Note: Except where noted, all materials on this site are the copyrighted property of Alfred B. Bortz. Individuals may print single copies of reviews or columns for their own use. For permission to publish or print multiple copies of any of the materials on this site, please contact the author by e-mail.
Through several previous books, including Life As We Do Not Know It and Rare Earth (the latter in collaboration with Donald Brownlee), University of Washington Paleontologist Peter Ward has developed a loyal readership.
His audience has come to expect books built around original questions that lead to new insights about the origin and evolution of life--and about the worlds on which such life can develop. Rarely will scientists propose new hypotheses in popular books, but Ward does so comfortably, as if trying them out among friends before publishing them in peer-reviewed journals.
His readers always relish his vivid descriptions and insights into cutting-edge science. His latest effort, Out of Thin Air: Dinosaurs, Birds, and Earth's Ancient Atmosphere, will reward them with more of the same.
The central question of this book is this: How have changing levels of oxygen in Earth's atmosphere influenced the path of evolution? His conclusion is that respiratory demands have played a dominant role in driving the evolution of novel body plans.
Earth's primordial atmosphere had virtually no oxygen. Animal life developed only after photosynthetic bacteria and plants had begun producing oxygen faster than geologic processes could remove it. Other than life itself, the dominant processes influencing Earth's atmospheric oxygen concentration are the carbon and sulfur cycles.
Trying to deduce the oxygen level at a given epoch in the planet's history is difficult, relying on limited geological information and extensive computer modeling. The models rely on what scientists have been able to deduce about changing continental arrangements, the variability of global climate, periods of increased volcanism, and variations in solar light and heat due to changes in Earth's orbit and in the Sun itself.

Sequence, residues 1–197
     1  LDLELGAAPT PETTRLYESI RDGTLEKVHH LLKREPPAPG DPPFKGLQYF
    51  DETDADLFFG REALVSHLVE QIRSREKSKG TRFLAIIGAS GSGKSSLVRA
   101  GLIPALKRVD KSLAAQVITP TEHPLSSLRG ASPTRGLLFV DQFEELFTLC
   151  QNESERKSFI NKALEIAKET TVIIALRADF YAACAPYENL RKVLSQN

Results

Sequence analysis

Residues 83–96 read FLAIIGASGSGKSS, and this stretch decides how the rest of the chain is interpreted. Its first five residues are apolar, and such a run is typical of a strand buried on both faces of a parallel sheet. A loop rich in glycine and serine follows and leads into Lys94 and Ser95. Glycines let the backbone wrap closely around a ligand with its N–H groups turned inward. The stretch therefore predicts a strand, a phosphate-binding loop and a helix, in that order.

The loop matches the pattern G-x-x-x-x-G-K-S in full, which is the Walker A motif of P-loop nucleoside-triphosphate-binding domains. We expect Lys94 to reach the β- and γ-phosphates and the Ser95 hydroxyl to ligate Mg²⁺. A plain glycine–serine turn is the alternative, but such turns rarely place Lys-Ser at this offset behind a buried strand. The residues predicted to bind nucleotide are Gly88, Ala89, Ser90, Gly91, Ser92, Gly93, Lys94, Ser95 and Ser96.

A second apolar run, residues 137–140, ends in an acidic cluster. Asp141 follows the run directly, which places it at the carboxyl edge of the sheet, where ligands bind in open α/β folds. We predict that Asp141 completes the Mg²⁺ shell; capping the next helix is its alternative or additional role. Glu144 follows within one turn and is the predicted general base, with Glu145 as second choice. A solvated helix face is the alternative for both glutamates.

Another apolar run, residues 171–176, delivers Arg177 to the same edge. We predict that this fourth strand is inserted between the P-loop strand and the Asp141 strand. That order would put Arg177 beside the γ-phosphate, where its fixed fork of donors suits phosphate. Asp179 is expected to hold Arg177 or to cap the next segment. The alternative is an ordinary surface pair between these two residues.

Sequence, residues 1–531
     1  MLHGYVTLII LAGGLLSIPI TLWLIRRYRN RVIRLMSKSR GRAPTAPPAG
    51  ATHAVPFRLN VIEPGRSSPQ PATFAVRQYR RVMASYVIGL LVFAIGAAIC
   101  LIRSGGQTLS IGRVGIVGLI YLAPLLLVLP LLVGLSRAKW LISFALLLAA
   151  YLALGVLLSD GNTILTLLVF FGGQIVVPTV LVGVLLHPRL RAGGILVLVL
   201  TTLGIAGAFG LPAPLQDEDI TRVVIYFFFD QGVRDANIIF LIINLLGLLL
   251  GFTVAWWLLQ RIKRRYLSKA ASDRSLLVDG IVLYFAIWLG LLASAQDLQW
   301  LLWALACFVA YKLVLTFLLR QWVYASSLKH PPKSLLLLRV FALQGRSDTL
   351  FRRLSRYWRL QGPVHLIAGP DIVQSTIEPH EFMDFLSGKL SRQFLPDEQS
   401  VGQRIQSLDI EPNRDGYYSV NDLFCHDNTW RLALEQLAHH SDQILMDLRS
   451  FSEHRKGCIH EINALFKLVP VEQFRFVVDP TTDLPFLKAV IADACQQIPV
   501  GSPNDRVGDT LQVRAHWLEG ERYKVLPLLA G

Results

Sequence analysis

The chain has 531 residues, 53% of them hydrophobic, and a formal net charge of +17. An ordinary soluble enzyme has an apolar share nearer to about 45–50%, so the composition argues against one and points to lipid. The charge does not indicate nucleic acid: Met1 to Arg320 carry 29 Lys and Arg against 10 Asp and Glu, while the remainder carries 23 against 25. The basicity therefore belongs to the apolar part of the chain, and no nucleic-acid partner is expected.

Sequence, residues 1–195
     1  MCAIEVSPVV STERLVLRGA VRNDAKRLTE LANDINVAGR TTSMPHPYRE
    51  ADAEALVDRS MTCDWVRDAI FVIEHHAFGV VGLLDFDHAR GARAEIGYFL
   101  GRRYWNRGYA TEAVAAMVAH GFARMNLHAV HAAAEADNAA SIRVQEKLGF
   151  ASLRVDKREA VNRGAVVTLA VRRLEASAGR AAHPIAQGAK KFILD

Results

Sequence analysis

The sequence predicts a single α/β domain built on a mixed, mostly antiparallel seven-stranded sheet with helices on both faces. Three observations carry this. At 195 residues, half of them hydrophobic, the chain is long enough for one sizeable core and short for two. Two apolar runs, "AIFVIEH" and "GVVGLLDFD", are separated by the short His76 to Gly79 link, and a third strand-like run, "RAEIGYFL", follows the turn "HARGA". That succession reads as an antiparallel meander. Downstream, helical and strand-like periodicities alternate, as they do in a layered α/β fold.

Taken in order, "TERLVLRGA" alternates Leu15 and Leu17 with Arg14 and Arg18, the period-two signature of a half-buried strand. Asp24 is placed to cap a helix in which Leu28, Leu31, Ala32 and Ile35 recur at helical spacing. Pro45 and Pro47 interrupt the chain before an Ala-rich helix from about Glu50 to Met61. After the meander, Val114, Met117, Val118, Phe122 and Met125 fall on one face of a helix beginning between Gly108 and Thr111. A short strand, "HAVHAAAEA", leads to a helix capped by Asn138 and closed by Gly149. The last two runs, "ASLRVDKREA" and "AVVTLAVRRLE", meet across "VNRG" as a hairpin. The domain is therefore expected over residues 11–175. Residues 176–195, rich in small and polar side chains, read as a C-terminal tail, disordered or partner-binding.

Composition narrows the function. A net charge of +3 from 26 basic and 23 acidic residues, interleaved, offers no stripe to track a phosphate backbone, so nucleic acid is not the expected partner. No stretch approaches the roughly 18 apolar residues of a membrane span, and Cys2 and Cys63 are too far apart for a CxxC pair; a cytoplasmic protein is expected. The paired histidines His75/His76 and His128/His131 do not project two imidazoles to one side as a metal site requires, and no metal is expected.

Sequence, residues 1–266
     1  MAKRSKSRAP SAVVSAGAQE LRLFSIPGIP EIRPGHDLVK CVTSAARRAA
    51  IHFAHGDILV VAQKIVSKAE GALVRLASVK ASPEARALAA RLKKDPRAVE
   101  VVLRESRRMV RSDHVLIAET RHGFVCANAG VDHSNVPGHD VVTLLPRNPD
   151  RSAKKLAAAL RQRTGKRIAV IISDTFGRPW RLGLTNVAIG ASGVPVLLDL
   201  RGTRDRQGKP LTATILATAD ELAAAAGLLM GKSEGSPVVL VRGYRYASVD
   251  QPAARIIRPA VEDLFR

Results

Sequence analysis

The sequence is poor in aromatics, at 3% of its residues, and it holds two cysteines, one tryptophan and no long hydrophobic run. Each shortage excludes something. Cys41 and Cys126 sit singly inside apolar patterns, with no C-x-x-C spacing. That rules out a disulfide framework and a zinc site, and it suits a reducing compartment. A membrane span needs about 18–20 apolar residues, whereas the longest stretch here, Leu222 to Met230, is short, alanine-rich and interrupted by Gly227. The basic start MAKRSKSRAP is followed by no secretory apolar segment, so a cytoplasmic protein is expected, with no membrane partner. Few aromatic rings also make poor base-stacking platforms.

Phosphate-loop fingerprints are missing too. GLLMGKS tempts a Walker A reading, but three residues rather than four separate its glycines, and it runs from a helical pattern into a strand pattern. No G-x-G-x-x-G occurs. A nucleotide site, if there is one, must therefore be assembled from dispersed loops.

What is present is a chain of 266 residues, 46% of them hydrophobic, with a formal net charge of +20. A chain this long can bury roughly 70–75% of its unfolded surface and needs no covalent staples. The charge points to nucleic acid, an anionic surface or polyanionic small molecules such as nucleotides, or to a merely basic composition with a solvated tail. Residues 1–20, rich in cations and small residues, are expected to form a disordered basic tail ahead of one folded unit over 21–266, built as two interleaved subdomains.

The models indicate that during the roughly half-billion years of animal life on Earth, atmospheric oxygen content has ranged between twelve and thirty percent. At the lower limit, animal life at sea level had to adapt to respiratory conditions similar to those tolerated by today's high-altitude species, such as the many species of birds that can fly over the highest mountain ranges.
The book traces Earth's changing ecology, both on land and in the water, through periods of mass extinction and explosive speciation, examining the potential evolutionary effects of changing oxygen levels. When oxygen was low, many species went extinct and diversity decreased, while evolutionary innovation enabled other species to survive. As oxygen content increased, improvement of existing body plans, rather than innovation of new ones, drove evolution. Life became more diverse as new species radiated to fill ecological niches that were vacated in the preceding extinction.
Scientists agree that changing oxygen level was a factor in the history of Earth's evolving life, but many will dispute Dr. Ward's argument for its primacy. Still, even his scientific critics will appreciate his question and the productive research directions it opens up--including the title of book's concluding chapter.
"Should We Fear the Oxygen Future?" he asks. It is proper to be concerned about human production of carbon dioxide and the consequent global warming in the coming century. But on the geological time scale, natural changes in oxygen levels may be the dominant challenge for humankind--or whatever species evolve to succeed it.